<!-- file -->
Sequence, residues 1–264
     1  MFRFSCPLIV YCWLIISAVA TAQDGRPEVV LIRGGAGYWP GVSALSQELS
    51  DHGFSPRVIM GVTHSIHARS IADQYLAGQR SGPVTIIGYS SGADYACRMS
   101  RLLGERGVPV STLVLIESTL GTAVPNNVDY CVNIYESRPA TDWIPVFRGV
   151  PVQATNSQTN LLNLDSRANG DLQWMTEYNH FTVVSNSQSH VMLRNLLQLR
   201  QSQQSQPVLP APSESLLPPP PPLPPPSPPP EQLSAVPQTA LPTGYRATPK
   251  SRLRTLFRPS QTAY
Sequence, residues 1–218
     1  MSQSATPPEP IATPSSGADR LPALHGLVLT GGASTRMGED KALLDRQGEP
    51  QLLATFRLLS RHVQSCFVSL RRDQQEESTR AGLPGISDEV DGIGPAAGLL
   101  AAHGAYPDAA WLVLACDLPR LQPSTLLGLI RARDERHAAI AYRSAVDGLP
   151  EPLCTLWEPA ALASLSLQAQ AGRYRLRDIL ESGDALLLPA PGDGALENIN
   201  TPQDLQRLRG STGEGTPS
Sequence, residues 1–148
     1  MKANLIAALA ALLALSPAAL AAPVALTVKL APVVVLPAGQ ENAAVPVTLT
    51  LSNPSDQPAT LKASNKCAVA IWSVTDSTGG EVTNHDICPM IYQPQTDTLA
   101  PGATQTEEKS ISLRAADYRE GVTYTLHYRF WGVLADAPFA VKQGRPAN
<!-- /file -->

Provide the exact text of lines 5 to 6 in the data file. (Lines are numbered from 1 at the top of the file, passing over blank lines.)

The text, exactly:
   151  PVQATNSQTN LLNLDSRANG DLQWMTEYNH FTVVSNSQSH VMLRNLLQLR
   201  QSQQSQPVLP APSESLLPPP PPLPPPSPPP EQLSAVPQTA LPTGYRATPK